When you talk to most seasoned teachers, many of them will tell you that classroom management is one of the toughest problems they face. Either the kids talk too much or they don’t follow instructions or one kid becomes the center of attention. If you fail in valuing the importance of classroom management, you will lose the battle pretty fast. Since i have been in Spain, I have found that it is easier to manage classes as a young person since it was not that long ago that I was in their place, as a complacent ninth grader. In high school, you care about a few things: the biggest thing is being cool. If you create a culture in your classroom that being a good student is cool, then you have won half the battle. If that fails, sometimes you have to use alternative measures. Classroom management has provided me with a curious discussion in my brain that never stops. How can you be a more effective teacher? How do you balance being a friend and being a teacher? It’s a hard balance to strike and one that is consistently evolving. My students are generally pretty friendly to me, especially the bad ones. Enrique and Victorino asked me the other day to join their MindCraft tournament. Gracian pressured me unsuccessfully to buy raffle tickets for his sports team.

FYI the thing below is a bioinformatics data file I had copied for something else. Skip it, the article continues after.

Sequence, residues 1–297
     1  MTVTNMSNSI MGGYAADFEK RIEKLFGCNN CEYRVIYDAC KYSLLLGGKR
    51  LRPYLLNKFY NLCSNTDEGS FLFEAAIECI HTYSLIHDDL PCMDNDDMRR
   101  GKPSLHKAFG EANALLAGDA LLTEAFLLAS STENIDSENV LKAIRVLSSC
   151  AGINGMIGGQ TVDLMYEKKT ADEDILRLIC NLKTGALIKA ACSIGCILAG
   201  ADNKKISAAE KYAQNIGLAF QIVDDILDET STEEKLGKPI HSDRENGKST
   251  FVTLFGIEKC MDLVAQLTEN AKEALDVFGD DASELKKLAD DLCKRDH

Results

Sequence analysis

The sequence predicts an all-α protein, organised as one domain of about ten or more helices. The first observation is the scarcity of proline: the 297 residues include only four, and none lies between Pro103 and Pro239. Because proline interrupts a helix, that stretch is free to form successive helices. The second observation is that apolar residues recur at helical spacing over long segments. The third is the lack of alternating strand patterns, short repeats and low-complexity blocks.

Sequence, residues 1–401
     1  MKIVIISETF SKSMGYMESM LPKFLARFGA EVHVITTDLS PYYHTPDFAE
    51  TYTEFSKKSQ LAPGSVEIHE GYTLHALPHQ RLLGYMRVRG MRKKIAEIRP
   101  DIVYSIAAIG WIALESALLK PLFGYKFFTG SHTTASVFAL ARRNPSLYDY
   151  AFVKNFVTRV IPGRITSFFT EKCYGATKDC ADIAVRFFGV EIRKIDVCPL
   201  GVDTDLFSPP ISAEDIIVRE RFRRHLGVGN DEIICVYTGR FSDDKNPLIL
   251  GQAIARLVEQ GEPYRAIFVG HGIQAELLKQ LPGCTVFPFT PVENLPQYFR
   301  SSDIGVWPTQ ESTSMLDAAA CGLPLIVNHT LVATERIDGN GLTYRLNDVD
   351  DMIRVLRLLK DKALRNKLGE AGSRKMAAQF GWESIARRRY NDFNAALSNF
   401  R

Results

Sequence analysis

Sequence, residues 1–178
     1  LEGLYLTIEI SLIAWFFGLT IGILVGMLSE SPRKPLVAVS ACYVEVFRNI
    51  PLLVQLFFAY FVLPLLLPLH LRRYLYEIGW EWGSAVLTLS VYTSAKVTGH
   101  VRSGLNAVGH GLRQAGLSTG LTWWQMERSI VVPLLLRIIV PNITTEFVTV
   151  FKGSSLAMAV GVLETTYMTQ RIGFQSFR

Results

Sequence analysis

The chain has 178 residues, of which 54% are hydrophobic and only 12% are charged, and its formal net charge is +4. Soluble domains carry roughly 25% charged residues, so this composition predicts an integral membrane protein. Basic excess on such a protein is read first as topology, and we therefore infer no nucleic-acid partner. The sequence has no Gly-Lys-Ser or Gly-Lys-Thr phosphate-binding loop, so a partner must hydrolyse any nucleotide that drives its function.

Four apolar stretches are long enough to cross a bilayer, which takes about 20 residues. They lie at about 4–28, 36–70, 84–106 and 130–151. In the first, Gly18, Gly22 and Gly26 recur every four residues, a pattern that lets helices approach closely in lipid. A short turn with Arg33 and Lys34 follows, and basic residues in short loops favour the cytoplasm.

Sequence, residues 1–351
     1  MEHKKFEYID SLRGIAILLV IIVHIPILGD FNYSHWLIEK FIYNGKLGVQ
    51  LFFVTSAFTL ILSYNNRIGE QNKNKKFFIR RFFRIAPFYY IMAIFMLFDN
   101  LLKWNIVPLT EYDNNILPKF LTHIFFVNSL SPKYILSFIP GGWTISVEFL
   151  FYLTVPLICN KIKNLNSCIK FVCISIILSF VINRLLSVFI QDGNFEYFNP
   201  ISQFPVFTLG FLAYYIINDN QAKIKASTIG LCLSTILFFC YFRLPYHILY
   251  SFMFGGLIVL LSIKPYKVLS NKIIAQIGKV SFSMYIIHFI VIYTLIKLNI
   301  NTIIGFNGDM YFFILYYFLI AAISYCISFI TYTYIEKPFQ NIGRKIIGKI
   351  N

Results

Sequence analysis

All in December in Spain has been pretty relaxed. It has seemed like it just started but its already the middle of the month. This is the weekend of Christmas dinners. I had one last night with some cool Spaniards that went to a camp in Maine with a friend of mine from the program. Tonight, I go to the Club de Campo, a prestigious golf course in Madrid for a very posh dinner with Fulbrighters and ex-Fulbrighters. They only serve wine from 2001. Not much else to report. Until next time.